Urban farming requires some creative solutions. Groups like the North Side Regeneration Project, Earthdance Farms and Our City Farm are bringing greenery to our concrete landscape. Gateway Garlic Urban Farm is another crusader -- you may know it from the annual St. Louis Garlic Fest, but they also have several other community projects. The latest is a little unusual: gardening with the help of traffic lights.
Gateway Garlic's Mark Brown found a traffic light that had apparently been the victim of a car collision near a friend's house. A new one had been installed, and the old one was just part of the discarded debris swept to the side of the road. Brown snagged it.
He thought he'd fix it and sell it in a garage sale as a novelty item or something, but as he opened up the light, he found not just regular light bulbs but new LED lights. LED is a hot topic in indoor gardening -- Brown himself was first inspired to use them after two botanists began debating about their effectiveness on Gateway Garlic's blog. The idea is that photosynthesis uses primarily red and blue light (hence the green reflection), so LED lights are especially good for indoor plants.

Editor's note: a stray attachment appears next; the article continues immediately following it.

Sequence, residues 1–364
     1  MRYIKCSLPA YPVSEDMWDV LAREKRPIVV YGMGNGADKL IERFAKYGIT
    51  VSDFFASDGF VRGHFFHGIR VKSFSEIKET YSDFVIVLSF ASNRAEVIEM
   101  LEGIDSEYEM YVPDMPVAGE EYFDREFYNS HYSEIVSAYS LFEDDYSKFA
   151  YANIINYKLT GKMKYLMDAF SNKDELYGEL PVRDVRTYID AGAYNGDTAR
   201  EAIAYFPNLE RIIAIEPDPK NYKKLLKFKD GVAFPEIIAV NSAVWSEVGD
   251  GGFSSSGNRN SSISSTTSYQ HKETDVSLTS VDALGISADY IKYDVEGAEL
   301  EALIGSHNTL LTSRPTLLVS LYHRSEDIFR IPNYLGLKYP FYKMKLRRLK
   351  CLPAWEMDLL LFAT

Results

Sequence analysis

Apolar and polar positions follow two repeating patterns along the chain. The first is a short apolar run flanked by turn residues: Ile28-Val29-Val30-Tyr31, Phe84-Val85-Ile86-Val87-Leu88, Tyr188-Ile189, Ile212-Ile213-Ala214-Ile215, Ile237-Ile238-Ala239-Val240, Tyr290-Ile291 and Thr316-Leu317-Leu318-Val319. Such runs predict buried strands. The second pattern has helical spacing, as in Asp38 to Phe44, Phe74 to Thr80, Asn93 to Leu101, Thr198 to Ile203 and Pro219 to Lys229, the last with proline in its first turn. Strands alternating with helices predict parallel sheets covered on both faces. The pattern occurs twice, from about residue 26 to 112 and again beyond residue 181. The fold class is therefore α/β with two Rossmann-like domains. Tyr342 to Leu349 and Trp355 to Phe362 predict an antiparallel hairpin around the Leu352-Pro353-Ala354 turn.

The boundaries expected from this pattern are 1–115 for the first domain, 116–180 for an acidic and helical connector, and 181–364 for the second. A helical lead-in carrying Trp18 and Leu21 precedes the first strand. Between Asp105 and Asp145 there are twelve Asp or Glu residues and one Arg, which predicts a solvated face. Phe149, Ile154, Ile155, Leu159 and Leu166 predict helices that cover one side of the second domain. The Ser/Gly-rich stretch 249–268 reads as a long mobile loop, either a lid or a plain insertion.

After Brown discovered the fully intact LED lights inside the traffic light, he remembered the botanists' discussion and decided to experiment. He wired up the lights to hang above and planted broccoli, baby kale and re-planted green onion bottoms.
"I assumed it was going to be a failure," Brown says. "What actually happened is the broccoli started fruiting, the onions grew taller than the light and we got a whole thing of baby kale." But it's more than a novelty. Brown works with a group of young north city agrarians he calls "guerilla gardeners," who are, he says, doing a lot with a little.
"This isn't the first time I've seen a traffic light in an accident. The city never recycles them," Brown says. "The kids in north city were complaining about the cost of LED lights, and here's how to get it for free." (We've reached out to city officials to find out what they do with old traffic signals and if you could get in trouble for repurposing one. We'll update when we get a comment.)
Gateway Garlic also taught the guerilla gardeners how to graft pear and apple trees onto crabapple trees, turning something unproductive into productive fruit trees. Gateway Garlic also works with a group called Oak Scouts, an alternative to the boy and girl scouts. Brown is giving the traffic light to the scouts and letting them plant the next generation.
"It was just a great way of recycling something that the city didn't want anymore. We actually turned into something useful. We do this to show people you can do this," Brown says. "You're only limited by your imagination and your determination."
Keep up with Gateway Garlic Urban Farm on Facebook and look out for the 2014 St. Louis Garlic Fest on June 21.
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